Do you have an escape plan (temporary or permanent) for when you need that inevitable break from van life? I have gone through a few periods of burnout over the years, and having a place you can return to in order to recharge and spend time with friends and family has always been key to reinvigorating my desire to keep going.
You might want to even consider making life on the road seasonal. Van life virtually everywhere in northern or central Europe, or Canada and the United States means dealing with some extreme temperature changes, and cruising the roads during the nice months and digging in somewhere fixed during the cold ones is a nice compromise.
Have a Purpose
I feel like this doesn’t get stated enough when advising both current and, more importantly, aspiring van dwellers. Van life, in and of itself, in my view, is not a purpose.
I’ve always seen van life as a means to an end. That end can certainly be travel and seeing new places, but travel for travel’s sake gets old.
Take someone like Alex Honnold, for example, the rock climber who free-soloed Yosemite National Park’s El Capitan back in 2018. His main reason for choosing van life was because it was the most practical and economical way to spend all of his time climbing:
In my case, my passion is nature travel and wildlife tourism, which is how and why I continuously travel. This is my driving force and, while it isn’t the only reason I go to new places, it gives my travel purpose, which is what has allowed me to do it for so long.
If I just felt disillusioned with modern urban living or simply couldn’t sit still, and that was it, I don’t think I would still be living like this, or at least enjoying it as much.
Know Where You’re Going to Use the Bathroom
There is no way around it, one of the most unpleasant aspects of van life is not having a comfortable modern bathroom.
With that acknowledged, a large part of your comfort (or stress) depends on how and where you use the bathroom. This includes both showering and more intimate things.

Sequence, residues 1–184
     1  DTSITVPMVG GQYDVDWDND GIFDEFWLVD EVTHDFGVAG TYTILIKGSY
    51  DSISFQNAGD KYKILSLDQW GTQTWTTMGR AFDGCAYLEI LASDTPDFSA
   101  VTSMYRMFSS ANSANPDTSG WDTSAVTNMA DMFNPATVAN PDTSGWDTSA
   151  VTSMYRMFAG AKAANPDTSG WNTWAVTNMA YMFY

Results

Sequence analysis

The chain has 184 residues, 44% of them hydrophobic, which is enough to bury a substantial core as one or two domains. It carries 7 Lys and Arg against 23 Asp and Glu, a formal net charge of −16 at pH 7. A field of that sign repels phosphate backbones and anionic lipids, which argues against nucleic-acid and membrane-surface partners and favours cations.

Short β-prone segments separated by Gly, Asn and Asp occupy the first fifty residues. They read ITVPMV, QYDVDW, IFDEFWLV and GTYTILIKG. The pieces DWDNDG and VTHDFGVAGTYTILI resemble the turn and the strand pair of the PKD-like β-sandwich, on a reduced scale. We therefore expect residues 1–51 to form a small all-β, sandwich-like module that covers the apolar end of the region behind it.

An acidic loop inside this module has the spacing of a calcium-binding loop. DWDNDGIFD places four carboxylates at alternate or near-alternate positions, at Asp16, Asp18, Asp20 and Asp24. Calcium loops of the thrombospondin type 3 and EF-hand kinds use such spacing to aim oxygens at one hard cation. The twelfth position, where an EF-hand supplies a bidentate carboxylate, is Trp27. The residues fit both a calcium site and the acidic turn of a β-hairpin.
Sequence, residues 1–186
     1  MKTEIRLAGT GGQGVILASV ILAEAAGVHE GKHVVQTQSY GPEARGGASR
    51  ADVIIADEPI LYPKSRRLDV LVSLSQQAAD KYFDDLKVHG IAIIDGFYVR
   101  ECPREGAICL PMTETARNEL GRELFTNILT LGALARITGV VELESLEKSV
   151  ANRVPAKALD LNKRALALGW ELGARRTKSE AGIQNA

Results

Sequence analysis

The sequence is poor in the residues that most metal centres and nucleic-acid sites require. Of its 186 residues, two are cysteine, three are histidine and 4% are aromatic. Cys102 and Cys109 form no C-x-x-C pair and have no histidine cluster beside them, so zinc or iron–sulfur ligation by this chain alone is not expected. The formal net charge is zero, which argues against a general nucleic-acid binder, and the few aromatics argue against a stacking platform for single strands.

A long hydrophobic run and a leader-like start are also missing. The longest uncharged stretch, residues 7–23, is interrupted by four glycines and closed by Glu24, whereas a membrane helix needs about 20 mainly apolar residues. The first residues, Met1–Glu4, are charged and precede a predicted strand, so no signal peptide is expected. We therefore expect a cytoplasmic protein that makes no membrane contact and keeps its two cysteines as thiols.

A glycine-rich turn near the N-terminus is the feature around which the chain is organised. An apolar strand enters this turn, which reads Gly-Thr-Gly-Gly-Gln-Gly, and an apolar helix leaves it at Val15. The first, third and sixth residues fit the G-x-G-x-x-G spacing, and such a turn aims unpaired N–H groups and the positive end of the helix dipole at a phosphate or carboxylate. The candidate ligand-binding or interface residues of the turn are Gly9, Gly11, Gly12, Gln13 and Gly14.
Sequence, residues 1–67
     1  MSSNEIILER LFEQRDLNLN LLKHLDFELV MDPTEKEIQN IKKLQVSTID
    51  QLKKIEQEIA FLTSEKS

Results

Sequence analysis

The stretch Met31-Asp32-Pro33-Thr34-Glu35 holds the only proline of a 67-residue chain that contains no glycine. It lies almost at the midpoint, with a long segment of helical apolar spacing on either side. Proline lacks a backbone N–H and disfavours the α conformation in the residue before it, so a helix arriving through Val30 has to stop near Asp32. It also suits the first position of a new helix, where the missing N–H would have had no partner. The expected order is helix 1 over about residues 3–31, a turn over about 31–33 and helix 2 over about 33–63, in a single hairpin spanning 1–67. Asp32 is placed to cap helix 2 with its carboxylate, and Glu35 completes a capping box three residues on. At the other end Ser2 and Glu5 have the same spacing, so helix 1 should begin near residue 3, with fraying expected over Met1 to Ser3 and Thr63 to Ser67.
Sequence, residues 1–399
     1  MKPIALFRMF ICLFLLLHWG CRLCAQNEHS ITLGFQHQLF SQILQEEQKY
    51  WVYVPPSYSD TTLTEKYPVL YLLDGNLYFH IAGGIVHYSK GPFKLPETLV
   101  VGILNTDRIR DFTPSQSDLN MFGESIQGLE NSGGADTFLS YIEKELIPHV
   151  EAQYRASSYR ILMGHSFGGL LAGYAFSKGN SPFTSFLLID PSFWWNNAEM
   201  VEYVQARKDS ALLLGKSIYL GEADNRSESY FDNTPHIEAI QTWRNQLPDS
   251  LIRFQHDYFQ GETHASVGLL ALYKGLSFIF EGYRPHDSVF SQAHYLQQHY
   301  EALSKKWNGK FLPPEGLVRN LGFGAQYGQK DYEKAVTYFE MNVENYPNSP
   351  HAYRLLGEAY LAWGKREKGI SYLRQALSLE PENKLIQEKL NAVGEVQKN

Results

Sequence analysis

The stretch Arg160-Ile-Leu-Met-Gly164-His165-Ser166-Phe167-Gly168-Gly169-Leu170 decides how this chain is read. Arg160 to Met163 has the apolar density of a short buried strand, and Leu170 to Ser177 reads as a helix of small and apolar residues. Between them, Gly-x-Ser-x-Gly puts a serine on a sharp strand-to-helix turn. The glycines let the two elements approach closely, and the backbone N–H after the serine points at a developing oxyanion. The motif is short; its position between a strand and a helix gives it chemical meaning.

It helps to have spots for both planned out before you get somewhere new. This could be a gym, a rec centre, a library, or any number of places. The worst feeling is finding a parking spot for the night, only to realize you are nowhere near a viable bathroom. Or, finding a prime parking spot, only to then have to debate leaving that spot (and potentially being usurped) to find a bathroom.
Exploit Every Storage Possibility Available
Any time you live somewhere small, space is at a premium. To make van life work, you need to get into the mindset of constantly looking for new storage opportunities. Of particular importance are storage configurations that fully exploit all your vertical space.
This is a great article filled with DIY storage space ideas that will help you make use of every surface, nook and cranny in your van.
Digital Nomads in Vans: What You Need to Make it Work
If your plan is to work while living on the road, you need to know two things upfront: what kinds of jobs are suitable for this lifestyle and what kind of modifications your van requires so you can work.
A lot of people choose the van life because they want to lower their costs. And, while you will very likely be spending a lot less money as a van dweller, it’s not free and I highly advise against jumping into the life without having some kind of hustle. If you burn through your savings only to find yourself living in a van, you are still technically a van dweller, but you may also technically be homeless or “unsheltered.”
If you are planning to work or have a digital job that you can viably take on the road with you, consider that you are going to need to be able to guarantee a sufficient power supply to do things like plug-in laptops and other hardware.
You are also going to need a space in your vehicle you can work from. Coworking spaces, in addition to costing money, are not always available, nor is it really all that viable to work from a different cafe, bar or restaurant every day.
The Bottom Line: Van Life is Rewarding But Challenging
Van life is one of those things that is easy to glamorize and romanticize until you’ve actually lived it.
The upside of living and sleeping in a van is, for many people, unmatched freedom and adventure. The price you pay, if you aren’t prepared for some of the above realities, can be a much more stressful experience than you ever imagined.
Keep the above tips in mind and make van life, whether temporary or indefinite, one of the best things you ever do with your short time on this planet.